6. Cross your fingers and hope that it all blows over.

None of your options, you will note, are as good as the wolf’s.  The wolf would kick its opponent square in the bollocks or rip out its boss’ throat, and much as that may be your preferred course of action, you know deep down that the probable repercussions make it inadvisable. 

But here’s the problem:

The wolf is driven to action by a chemical reaction in its brain/body.  It feels threatened, it releases adrenalin (and probably some other stuff) and is able to use it to enhance a fight of flight reaction.  When we, as humans, feel threatened, we have the same chemical response, but our lack of recourse to a natural action leaves the resulting chemicals with nowhere to go, so we just become tense and het up.

Example two:  You feel unfulfilled

The wolf doesn’t have this issue to the same extent that we do.  Probably the closest it comes is when it fails in an attempt to mate.  It will try to avoid this frustration by tearing lumps out it’s rivals until it succeeds or retreats, and that’s that.  The rest of its time is spent hunting, hanging out with the pack, and having a snooze.

You, on the other hand may well be frustrated that you can’t find a mate, but you are just as likely to be frustrated by the fact that you feel unappreciated, you can’t catch a break in your career, you feel that you are in the wrong job, you want someone to notice how creative you are, you don’t have enough money, someone has said something about you, you feel bad for saying something about somebody else, you never have time for yourself, you spend too much time alone, you can’t lose weight, your nose is too big, your teeth are too small, or your… well, you get the picture.

A wolf spends its days being a wolf.  We spend our days wanting to be something else.

The problem, of course, is that in the same way that a wolf is a wolf, you are you, and there is very little that you can do about it.

The solution is clearly to be more like the wolf.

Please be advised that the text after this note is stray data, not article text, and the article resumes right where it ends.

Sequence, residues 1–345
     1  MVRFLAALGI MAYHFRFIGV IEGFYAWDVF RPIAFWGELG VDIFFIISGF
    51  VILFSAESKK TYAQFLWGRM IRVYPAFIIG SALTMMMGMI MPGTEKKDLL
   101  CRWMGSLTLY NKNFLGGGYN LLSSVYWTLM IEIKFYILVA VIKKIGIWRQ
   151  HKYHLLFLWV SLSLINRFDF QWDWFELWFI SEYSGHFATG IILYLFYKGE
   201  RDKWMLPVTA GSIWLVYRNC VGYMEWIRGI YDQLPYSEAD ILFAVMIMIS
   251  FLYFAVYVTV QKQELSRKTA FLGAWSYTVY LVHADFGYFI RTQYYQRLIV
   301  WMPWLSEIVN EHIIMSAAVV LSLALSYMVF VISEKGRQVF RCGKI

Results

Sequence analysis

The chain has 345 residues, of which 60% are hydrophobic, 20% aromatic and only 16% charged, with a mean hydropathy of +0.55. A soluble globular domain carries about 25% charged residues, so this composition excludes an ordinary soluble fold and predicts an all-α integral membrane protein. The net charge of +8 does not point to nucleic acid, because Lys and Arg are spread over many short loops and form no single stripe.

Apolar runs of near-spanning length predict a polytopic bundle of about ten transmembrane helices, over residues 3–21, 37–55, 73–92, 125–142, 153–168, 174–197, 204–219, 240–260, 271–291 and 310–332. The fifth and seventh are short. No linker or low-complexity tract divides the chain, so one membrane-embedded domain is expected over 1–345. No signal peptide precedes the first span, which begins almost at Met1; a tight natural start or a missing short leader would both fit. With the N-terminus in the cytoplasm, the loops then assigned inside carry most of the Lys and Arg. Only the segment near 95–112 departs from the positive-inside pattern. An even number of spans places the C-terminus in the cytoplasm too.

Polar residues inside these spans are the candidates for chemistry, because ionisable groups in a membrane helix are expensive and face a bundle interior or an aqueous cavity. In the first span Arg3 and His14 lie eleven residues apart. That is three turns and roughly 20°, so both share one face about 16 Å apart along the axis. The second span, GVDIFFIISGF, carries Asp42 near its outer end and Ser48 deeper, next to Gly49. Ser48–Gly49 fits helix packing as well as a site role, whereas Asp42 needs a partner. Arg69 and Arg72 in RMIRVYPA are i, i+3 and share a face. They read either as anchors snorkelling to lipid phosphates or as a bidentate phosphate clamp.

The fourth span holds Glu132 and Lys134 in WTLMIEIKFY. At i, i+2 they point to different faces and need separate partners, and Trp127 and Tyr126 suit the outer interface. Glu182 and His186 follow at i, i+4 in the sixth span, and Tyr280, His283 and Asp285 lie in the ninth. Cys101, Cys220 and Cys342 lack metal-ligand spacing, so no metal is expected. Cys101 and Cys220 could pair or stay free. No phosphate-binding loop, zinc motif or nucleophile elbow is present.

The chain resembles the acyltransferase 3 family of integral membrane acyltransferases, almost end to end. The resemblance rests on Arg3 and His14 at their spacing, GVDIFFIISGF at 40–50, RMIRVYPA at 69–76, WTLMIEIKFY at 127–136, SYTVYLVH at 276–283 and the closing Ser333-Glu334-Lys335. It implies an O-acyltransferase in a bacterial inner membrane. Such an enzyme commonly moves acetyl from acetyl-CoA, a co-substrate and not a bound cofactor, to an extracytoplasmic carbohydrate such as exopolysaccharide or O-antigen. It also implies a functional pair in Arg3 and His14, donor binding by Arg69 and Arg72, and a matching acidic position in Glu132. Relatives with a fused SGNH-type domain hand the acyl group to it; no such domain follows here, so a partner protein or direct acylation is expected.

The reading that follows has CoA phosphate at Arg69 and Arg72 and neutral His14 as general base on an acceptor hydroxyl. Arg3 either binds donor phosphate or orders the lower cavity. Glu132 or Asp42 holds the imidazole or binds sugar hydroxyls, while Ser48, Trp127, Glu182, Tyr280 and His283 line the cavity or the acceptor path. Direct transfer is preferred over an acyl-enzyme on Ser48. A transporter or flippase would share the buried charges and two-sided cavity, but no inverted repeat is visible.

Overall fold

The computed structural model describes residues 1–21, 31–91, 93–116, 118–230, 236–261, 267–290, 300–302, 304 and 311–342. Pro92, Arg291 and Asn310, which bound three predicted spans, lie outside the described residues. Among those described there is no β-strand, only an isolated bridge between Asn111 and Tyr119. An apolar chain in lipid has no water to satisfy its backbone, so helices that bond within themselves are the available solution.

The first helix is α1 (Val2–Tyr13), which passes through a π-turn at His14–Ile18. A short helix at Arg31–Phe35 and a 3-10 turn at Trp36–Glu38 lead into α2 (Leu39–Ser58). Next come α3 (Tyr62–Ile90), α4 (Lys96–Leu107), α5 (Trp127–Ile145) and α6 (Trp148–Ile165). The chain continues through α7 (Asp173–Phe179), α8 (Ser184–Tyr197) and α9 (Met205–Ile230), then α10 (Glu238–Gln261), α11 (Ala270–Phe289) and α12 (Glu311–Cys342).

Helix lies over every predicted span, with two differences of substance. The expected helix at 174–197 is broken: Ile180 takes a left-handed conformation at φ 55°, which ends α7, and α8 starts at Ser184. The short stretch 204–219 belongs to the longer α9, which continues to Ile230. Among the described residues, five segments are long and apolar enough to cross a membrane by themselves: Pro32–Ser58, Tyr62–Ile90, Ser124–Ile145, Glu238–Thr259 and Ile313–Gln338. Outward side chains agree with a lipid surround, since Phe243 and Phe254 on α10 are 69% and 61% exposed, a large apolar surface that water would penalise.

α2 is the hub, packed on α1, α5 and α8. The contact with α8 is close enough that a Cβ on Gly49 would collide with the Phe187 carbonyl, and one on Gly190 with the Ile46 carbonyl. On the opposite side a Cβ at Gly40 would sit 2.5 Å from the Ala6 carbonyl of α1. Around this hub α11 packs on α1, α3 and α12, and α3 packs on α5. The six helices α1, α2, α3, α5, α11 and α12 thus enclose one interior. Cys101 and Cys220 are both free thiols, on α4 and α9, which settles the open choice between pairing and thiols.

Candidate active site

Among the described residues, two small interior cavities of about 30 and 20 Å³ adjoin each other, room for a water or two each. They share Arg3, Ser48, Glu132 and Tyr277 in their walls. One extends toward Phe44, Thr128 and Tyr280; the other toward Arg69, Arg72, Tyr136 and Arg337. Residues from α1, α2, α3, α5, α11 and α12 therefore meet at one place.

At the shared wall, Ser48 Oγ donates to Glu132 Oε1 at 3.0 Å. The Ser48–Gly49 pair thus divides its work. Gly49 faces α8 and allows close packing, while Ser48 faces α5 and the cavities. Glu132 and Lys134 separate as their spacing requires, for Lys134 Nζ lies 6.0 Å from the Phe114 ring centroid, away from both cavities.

Don’t get me wrong, dear reader.  The solution is not to start wearing a T-shirt with a white wolf baying at the moon on it.  For the love of God, don’t start doing that.  You would only be making matters worse.  The aim is to be more content, not to be mocked in the street. 

In fact, it doesn’t have to be a wolf at all.  If you want to be more like a llama, then go with that.  A badger perhaps.  Possibly even a beaver. (Whichever you choose, the T-shirt advice still holds).

 The only time you are likely to see a wolf anxious or depressed is if you deprive it of its natural behaviour.  Stick it in a cage with nothing to occupy itself, and you will soon have a very pissed off dog-like thing. 

The same rules apply to us.  When we are caged by the pressures put on us by society, we soon start to suffer. 

The solution?

Well, if I had a solution, I would be out playing on my yacht rather than slaving away in the Ministry offices.  As it stands, all I can suggest is that you change your situation if you can.  Try to get back to a state in which you can respond more naturally to the stuff that happens around you.


There is stuff you like, and stuff you don’t.  All you have is the stuff that happens, and the way that you respond to it.

If you find that your situation is limiting your choice of response, then change it.

Far easier said than done, I know, but it’s all you have.

Grantham Montgomery.

Minister of Stuff.